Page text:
In a rave review, Prometheus-winning writer Jo Walton (Ha’Penny, the 2008 Best Novel winner)praised Marooned as a brilliant and tragic story about deep time, evolution, intelligence and how human narratives shape history and perception.

Vince, one of the more imaginative and brilliant sf writers to emerge in the 1980s-1990s and prophetic in his imaginative foreshadowing of the Internet and speculations about an approaching Singularity in human progress, also won the Prometheus Award for Best Novel in 2000 for A Deepness in the Sky and received a Special Prometheus Award for Lifetime Achievement in 2014.

William H. Stoddard giving novelist Vernor Vinge his 2014 Prometheus Special Award for Lifetime Achievement at ConDor in San Diego Photo courtesy of Stoddard

In his Prometheus-award acceptance speech (read by Baen Books editor Jim Baen at Cactuscon, the 1987 North American Science Fiction Convention), Vinge wrote:
“Speculative fiction provides a marvelous opportunity to speak of issues in an environment where readers are willing to give new and different ideas a chance. The Prometheus Award is a great encouragement to those who want to write good stories about the ideas of liberty and rights and wrongs.”


* Prometheus winners: For the full list of Prometheus winners, finalists and nominees – including the annual Best Novel and Best Classic Fiction (Hall of Fame) categories and occasional Special Awards – visit the enhanced Prometheus Awards page on the LFS website, which now includes convenient links to all published essay-reviews in our Appreciation series explaining why each of more than 100 past winners since 1979 fits the awards’ distinctive dual focus on both quality and liberty.

* Read “The Libertarian History of Science Fiction,”an essay in the international magazine Quillette that favorably highlights the Prometheus Awards, the Libertarian Futurist Society and the significant element of libertarian sf/fantasy in the evolution of the modern genre.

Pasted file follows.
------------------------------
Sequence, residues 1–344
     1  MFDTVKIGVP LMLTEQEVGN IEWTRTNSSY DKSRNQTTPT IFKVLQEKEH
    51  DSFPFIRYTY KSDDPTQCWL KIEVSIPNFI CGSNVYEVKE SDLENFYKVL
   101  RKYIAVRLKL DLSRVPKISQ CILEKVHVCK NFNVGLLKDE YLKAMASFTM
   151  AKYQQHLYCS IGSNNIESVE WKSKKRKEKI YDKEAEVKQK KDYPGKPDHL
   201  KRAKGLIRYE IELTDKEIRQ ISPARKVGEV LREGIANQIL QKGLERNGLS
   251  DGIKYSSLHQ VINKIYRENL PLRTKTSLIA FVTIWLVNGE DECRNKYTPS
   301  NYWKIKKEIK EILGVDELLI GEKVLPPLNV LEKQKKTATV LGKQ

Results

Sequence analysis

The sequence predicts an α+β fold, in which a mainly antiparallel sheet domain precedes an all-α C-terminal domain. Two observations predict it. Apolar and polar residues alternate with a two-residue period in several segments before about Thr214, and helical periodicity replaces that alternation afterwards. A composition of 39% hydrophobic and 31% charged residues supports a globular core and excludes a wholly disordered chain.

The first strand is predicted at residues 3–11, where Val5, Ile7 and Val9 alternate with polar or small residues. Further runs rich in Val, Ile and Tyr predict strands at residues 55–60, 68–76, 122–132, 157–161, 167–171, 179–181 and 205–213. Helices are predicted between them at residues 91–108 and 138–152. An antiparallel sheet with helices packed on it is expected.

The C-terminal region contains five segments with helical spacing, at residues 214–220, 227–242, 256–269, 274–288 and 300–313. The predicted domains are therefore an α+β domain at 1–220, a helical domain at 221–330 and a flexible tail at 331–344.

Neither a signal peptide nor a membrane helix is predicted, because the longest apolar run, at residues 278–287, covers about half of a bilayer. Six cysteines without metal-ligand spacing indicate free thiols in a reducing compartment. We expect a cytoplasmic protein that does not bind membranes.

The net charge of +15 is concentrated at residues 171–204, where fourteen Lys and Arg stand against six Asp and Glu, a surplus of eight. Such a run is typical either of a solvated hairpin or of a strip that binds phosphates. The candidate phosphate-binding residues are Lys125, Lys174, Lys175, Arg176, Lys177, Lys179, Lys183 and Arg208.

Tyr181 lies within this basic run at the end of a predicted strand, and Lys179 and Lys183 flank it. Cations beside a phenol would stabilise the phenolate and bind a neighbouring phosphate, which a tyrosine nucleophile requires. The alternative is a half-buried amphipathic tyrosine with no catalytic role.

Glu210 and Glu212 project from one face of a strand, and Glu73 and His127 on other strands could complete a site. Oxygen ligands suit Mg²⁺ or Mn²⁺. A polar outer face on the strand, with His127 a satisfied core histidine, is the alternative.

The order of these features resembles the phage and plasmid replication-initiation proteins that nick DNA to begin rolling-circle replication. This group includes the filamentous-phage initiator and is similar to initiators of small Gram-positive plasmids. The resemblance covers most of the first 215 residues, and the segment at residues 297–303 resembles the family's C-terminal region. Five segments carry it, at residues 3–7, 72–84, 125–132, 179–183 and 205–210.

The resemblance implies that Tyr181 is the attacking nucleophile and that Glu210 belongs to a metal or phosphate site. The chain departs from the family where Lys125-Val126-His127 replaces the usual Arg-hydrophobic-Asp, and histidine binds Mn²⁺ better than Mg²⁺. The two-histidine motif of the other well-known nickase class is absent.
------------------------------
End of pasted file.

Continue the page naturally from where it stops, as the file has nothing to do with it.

Watch videos of past Prometheus Awards ceremonies (including the recent 2023 ceremony with inspiring and amusing speeches by Prometheus-winning authors Dave Freer and Sarah Hoyt),Libertarian Futurist Society panel discussions with noted sf authors and leading libertarian writers, and other LFS programs on the Prometheus Blog’s Video page.

* Check out the Libertarian Futurist Society’s Facebook page  for comments, updates and links to Prometheus Blog posts.

Join us! To help sustain the Prometheus Awards and support a cultural and literary strategy to appreciate and honor freedom-loving fiction,  jointhe Libertarian Futurist Society, a non-profit all-volunteer association of freedom-loving sf/fantasy fans.

Libertarian futurists believe that culture matters! We understand that the arts and literature can be vital in envisioning a freer and better future – and in some ways can be even more powerful than politics in the long run, by imagining better visions of the future incorporating peace, prosperity, progress, tolerance, justice, positive social change, and mutual respect for each other’s rights, individuality and human dignity.

Through recognizing the literature of liberty and the many different but complementary visions of a free future via the Prometheus Awards, the LFS hopes to help spread better visions of the future that help humanity overcome tyranny, end slavery, reduce the threat of war, repeal or constrain other abuses of coercive power and achieve universal liberty, respect for human rights and a better world (perhaps ultimately, worlds) for all.

Published by

Michael Grossberg

Michael Grossberg, who founded the LFS in 1982 to help sustain the Prometheus Awards, has been an arts critic, speaker and award-winning journalist for five decades. Michael has won Ohio SPJ awards for Best Critic in Ohio and Best Arts Reporting (seven times). He's written for Reason, Libertarian Review and Backstage weekly; helped lead the American Theatre Critics Association for two decades; and has contributed to six books, including critical essays for the annual Best Plays Theatre Yearbook and an afterword for J. Neil Schulman's novel The Rainbow Cadenza. Among books he recommends from a libertarian-futurist perspective: Matt Ridley's The Rational Optimist & How Innovation Works, David Boaz's The Libertarian Mind and Steven Pinker's Enlightenment Now: The Case for Reason, Science, Humanism and Progress.